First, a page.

Of course the pump regulator unit is now up front beside the engine close to the carburetor and it works well there.


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Last edited by earlwb; Jul 08, 2014 at 06:39 AM. Reason: typo correction
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Old Jul 08, 2014, 09:38 AM
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It just so happens that the Evolution 40204 rod is a drop in replacement.

Is NGH still producing engines?
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Old Jul 08, 2014, 10:57 AM
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That is pretty cool about the rod. Does the needle bearing on the rod fit too? That is definitely work a try if one has the rod problem. One possible issue is I don't know if NGH hardened the surface of the crankpin or not. That might affect the longevity using the Evo rod.

The Hobby King engines and probably the other newer engines too, are using a new rod without bronze bushings that is smaller in size and more like the rod designs seen in model diesel engines. I tend to prefer the more robust rod designs though that new rod should be fine.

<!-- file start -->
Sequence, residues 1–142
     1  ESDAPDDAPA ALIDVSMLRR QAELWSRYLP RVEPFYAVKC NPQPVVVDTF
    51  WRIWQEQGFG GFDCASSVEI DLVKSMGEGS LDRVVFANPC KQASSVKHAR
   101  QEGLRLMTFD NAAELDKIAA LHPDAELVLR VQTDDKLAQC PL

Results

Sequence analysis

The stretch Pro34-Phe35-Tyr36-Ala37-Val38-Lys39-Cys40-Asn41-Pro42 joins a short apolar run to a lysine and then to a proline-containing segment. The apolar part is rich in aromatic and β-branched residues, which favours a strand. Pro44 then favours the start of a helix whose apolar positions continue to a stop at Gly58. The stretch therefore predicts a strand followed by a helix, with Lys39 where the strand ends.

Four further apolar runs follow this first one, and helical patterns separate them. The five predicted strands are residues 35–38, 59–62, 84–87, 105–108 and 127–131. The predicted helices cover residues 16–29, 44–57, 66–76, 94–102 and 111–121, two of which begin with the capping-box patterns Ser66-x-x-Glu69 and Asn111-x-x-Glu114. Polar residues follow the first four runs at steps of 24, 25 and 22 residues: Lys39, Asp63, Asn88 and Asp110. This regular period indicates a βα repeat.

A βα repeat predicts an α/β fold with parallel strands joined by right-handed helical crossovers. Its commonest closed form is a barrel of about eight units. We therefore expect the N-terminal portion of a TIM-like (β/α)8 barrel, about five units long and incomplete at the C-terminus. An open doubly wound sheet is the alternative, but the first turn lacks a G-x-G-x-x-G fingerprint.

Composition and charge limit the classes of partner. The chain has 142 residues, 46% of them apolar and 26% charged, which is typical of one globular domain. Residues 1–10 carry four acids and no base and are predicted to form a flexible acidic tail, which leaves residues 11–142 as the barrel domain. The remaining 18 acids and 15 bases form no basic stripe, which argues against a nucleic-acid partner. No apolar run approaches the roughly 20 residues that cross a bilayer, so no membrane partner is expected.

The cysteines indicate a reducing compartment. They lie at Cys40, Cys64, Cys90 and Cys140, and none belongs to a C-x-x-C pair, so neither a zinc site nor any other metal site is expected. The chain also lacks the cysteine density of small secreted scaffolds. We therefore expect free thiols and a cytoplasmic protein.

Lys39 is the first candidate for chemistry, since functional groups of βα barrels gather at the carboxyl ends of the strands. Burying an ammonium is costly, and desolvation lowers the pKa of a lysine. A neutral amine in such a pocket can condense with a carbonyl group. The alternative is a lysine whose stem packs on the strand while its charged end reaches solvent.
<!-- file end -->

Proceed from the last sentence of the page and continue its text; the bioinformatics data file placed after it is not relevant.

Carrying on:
NGH maybe is still making engines. They are dumping engines off via Hobby King now too.
But that tends to alienate one's importers and dealers though.
I think that HiModel in China stated that they had a parts freeze on at the time, so I don't know if NGH has let up on the freeze or not. Now the local importers or sellers may still have parts though.
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Old Jul 08, 2014, 01:10 PM
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http://www.horizonhobby.com/products/EVO100204
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Old Jul 08, 2014, 01:15 PM
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oops sorry my fault, I was thinking of their gas engine. I forgot about the glow engine. So that is really cool. That is a nice find there gkamysz. Thanks for sharing.
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Last edited by earlwb; Jul 08, 2014 at 01:15 PM. Reason: typo correction